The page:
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Sev
06-04-2010, 05:47 AM
http://www.gearlog.com/2010/05/scien...ce-covered.php



Europa's icy waters may contain enough oxygen to support various kinds of lifeforms--including more than just the microbial kind.

We already know that Europa, arguably Jupiter's most interesting moon, contains a global ocean that runs about 100 miles deep, with an icy crust on top, as Space.com reports. For years, scientists have theorized that the moon could support extraterrestrial life, at least in microbial form.

Richard Greenberg, a planetary scientist at the University of Arizona's Lunar and Planetary Laboratory at Tucson, and the author of Unmasking Europa: The Search for Life on Jupiter's Ocean Moon, explained in the article that an oxygen-rich layer of ice at the top could actually extend down much further than thought, and could reach the oceans underneath.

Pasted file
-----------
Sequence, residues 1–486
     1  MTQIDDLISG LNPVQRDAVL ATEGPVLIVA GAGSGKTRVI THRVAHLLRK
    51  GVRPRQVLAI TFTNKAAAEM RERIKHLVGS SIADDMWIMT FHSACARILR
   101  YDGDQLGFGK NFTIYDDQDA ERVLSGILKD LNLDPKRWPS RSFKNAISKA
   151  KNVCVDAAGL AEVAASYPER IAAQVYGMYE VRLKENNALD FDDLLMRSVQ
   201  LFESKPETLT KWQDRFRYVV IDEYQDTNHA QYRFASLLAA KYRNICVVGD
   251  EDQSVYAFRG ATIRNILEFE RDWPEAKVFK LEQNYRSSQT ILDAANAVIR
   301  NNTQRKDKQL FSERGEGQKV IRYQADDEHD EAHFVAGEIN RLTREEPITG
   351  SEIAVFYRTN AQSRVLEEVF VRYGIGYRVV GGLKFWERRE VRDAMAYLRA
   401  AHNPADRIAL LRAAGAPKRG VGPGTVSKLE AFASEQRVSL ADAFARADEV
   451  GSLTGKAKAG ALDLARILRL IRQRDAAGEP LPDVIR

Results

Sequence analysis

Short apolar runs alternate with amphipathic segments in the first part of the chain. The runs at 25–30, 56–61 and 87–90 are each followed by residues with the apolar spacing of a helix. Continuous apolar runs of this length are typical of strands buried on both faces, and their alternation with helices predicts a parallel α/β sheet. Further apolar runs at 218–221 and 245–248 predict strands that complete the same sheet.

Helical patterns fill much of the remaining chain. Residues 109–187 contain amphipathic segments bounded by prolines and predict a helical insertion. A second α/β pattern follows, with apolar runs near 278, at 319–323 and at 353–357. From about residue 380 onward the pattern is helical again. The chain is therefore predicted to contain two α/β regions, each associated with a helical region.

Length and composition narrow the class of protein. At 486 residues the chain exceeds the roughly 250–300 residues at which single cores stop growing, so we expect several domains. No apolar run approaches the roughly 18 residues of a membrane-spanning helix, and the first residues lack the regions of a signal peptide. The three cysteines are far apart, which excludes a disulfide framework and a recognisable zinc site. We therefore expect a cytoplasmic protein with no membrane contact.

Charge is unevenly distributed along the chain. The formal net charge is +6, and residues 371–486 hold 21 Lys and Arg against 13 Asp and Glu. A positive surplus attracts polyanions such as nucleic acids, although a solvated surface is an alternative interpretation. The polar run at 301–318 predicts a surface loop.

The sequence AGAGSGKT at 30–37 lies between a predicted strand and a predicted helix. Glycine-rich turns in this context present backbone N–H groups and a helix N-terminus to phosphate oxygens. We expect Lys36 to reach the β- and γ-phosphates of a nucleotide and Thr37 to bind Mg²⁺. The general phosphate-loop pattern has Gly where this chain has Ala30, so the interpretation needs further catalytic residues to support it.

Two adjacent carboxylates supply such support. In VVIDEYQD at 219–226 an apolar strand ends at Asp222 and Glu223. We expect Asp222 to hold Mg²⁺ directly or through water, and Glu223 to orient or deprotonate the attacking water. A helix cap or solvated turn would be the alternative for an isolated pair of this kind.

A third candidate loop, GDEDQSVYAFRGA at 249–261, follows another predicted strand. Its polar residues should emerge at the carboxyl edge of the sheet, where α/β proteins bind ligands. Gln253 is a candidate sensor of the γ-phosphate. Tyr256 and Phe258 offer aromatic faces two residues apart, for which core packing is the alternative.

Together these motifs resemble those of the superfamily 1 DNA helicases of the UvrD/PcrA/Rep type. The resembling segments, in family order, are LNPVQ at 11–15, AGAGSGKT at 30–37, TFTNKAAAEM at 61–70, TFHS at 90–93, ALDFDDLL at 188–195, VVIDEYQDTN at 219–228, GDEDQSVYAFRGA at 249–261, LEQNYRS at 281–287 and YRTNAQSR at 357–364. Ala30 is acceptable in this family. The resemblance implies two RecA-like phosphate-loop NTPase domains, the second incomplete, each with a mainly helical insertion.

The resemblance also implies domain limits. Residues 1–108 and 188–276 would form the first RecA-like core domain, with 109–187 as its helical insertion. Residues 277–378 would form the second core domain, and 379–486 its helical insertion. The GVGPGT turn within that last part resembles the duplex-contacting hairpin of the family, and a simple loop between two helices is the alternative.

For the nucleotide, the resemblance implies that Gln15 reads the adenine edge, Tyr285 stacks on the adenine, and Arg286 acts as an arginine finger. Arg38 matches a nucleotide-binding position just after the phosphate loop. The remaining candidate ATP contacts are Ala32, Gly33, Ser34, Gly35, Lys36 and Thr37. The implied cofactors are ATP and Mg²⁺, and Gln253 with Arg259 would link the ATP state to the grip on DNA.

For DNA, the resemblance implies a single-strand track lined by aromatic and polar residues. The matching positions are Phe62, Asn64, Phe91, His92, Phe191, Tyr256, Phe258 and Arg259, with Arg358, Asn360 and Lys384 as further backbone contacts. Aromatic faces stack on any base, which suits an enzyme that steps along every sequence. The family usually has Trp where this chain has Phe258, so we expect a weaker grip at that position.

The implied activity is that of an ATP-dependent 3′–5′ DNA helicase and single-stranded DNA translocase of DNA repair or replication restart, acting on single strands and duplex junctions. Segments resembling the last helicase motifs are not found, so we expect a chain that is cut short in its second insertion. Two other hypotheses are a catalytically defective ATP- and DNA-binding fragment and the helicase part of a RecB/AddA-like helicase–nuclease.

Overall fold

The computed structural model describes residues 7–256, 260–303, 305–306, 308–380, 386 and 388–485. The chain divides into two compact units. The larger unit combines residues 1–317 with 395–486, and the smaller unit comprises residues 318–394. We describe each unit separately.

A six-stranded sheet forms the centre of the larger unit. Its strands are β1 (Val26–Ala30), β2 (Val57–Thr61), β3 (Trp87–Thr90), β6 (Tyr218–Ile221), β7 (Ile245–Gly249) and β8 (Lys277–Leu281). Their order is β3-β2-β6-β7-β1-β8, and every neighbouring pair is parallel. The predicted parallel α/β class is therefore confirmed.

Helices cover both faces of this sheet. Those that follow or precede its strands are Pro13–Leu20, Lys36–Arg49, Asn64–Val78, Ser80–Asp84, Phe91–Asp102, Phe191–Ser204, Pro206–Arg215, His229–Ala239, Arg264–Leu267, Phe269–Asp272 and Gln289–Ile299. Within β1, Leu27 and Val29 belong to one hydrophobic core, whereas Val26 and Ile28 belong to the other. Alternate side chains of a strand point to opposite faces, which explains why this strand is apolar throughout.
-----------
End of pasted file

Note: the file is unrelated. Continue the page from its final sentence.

Greenberg found that as the ice on the base of the oxygenated crust melts, even with the most conservative assumptions, "after only a half-million years oxidant levels in the ocean would reach the minimum oxygen concentration seen in Earth's oceans"--enough to support small crustaceans, according to the article.

"I was surprised at how much oxygen could get down there," Greenberg said in the report. He added that we wouldn't necessarily have to land a probe on the planet to detect the oxygen more directly, as telescope-based spectroscopy from Earth could help shed further light on the subject. (Image credit: NASA/JPL)

Sev
06-05-2010, 04:36 AM
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